The newly released annual look at the digital world from online and mobile measurement firm comScore makes it quite clear that retailers better be ...
The candy retailer is experiencing an 11% conversion rate on its new Facebook store.
E-retailer Blair Candy wanted to do more with social media, but was not sure what type of strategy would resonate best with shoppers. So the small merchant launched a new Facebook store about two weeks ago as an experiment, says owner Pam Macharola.
“I really was not thinking that people would get on there to actually buy things,” she says. “But with Facebook, that’s where everybody is. So we did it just to try it out and see if people actually would feel comfortable enough or even try it. And they did.”
When the new store was up and running, Blair Candy sent out an e-mail to customers with a 10% discount they could use toward purchases on the Facebook store only. Since then, the store has maintained an 11% conversion rate, she says.
Macharola has also been able to get more insight on her customer base—a better sense of who they are and where they spend their time online. “It taught me how many of my customers are on Facebook,” she says. “My main shock really was the older people that went there. My mother is on Facebook, but she goes on there to see pictures of her grandchildren—she’s not shopping. So I was surprised to see that.”
Macharola chose to work with Solid Cactus Inc. on her Facebook store, as the web design and development company could create a store for her where shoppers could complete their purchases without leaving the social network.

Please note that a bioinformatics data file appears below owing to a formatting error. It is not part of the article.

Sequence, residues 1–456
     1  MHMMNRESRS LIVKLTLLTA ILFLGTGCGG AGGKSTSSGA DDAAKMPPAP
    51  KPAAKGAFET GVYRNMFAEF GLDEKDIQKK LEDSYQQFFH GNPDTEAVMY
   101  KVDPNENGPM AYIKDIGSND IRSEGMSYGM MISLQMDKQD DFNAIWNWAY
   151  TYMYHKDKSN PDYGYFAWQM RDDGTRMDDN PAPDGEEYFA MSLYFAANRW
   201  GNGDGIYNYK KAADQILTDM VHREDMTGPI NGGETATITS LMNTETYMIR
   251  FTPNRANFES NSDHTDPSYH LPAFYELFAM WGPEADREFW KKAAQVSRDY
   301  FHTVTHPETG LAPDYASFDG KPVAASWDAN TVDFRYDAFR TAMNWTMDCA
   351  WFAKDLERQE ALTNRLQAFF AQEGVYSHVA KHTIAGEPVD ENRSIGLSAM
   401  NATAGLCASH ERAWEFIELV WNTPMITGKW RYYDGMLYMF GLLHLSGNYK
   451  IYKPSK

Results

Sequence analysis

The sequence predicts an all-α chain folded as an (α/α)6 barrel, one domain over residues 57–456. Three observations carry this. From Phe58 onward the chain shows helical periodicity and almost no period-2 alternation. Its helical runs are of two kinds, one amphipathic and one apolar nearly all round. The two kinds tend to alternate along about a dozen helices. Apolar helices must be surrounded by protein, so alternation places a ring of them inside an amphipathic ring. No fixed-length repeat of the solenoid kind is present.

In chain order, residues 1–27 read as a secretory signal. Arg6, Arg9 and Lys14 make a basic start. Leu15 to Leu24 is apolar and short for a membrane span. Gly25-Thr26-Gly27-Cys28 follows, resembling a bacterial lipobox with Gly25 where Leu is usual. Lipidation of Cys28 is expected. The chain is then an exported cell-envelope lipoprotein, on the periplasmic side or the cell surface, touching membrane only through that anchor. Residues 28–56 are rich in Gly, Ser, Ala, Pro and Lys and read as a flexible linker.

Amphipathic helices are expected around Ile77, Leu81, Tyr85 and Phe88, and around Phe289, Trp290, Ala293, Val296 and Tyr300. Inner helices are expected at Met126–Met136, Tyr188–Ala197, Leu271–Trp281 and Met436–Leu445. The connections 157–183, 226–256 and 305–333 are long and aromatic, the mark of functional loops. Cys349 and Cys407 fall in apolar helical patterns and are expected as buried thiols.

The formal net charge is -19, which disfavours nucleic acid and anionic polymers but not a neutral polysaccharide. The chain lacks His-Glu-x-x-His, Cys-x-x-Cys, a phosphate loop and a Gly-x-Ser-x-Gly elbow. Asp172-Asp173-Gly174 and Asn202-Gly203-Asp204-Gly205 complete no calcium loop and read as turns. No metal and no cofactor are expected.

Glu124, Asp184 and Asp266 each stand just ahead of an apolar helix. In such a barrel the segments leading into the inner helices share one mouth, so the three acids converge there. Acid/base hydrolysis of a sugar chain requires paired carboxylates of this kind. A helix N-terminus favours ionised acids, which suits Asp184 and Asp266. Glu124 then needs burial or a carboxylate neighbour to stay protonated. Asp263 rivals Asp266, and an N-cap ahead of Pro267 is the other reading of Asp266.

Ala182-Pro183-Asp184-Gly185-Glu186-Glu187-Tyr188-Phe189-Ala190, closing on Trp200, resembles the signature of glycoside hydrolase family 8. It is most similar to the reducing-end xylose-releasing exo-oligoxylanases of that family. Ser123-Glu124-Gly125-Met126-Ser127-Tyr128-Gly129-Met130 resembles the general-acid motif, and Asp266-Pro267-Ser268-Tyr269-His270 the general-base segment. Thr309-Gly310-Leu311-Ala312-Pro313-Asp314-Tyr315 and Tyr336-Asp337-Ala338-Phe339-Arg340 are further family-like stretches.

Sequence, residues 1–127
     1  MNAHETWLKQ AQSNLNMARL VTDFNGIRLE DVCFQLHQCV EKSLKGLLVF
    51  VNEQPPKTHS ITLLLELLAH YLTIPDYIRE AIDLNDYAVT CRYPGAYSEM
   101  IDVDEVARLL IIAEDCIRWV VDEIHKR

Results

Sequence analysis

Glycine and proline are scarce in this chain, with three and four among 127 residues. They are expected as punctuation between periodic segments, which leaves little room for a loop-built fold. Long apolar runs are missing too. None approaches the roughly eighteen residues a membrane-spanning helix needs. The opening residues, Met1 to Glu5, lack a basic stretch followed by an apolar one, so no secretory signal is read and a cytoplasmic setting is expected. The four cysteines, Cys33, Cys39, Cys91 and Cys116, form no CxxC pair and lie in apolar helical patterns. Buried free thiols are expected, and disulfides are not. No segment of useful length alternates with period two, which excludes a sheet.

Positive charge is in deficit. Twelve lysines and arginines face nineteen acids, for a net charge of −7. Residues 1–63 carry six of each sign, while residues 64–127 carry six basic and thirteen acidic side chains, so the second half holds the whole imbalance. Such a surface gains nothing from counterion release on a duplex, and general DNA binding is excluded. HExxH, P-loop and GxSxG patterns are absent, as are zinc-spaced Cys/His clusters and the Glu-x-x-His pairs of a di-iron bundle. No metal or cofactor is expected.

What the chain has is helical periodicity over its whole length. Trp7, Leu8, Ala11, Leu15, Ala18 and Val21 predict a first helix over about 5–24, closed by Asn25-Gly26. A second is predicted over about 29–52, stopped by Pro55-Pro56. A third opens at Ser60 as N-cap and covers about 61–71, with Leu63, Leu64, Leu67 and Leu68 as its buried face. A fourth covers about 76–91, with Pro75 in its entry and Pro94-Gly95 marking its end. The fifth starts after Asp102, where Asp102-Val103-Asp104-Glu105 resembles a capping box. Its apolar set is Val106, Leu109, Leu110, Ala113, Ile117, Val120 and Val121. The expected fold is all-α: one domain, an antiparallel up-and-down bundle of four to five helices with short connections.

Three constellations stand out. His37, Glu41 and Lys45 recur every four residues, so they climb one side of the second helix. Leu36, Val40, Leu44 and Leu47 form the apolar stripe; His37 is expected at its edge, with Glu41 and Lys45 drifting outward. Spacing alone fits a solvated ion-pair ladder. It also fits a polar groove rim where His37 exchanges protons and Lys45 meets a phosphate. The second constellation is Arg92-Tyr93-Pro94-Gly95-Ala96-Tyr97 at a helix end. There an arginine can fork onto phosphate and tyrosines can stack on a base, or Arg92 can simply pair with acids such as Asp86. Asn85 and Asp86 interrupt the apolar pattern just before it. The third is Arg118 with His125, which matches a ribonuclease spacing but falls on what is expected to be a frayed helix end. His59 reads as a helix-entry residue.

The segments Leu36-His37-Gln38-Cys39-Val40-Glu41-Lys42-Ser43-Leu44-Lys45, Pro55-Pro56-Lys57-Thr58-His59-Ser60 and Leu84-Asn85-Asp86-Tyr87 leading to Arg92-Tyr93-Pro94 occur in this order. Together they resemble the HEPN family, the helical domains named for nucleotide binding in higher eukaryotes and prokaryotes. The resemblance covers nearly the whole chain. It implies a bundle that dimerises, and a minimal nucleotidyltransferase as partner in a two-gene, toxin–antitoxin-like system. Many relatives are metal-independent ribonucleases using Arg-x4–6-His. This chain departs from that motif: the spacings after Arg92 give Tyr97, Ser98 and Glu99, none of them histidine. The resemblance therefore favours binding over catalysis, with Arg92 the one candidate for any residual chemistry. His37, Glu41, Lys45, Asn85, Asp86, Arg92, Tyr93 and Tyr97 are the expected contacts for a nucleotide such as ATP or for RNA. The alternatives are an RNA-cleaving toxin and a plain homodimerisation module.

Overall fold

“With a lot of Facebook stores I’ve seen in the past, you click the Buy button, and it directs you to that retailer’s site,” she says. “With mine, you can shop and still see your friends’ activity. That’s the only way I thought it could work.”
The new set-up with Solid Cactus is tied into Blair Candy’s Yahoo e-commerce platform. As a result, if Macharola adds a new product to her e-commerce site or updates a description the new information shows up on her Facebook store without any added work.
Blair Candy paid Solid Cactus around $800 to set up the Facebook store, an amount that Macharola says the retailer was able to more than make up for from one e-mail blast alone.
“This is making me think I need to up my game on Facebook a lot more now,” she adds. “I really was not thinking that people would get on there to shop. But I guess Facebook, that’s where everybody is.”
Blair Candy is No. 877 in Internet Retailer’s Second 500 Guide and brought in $2.1 million in web sales last year.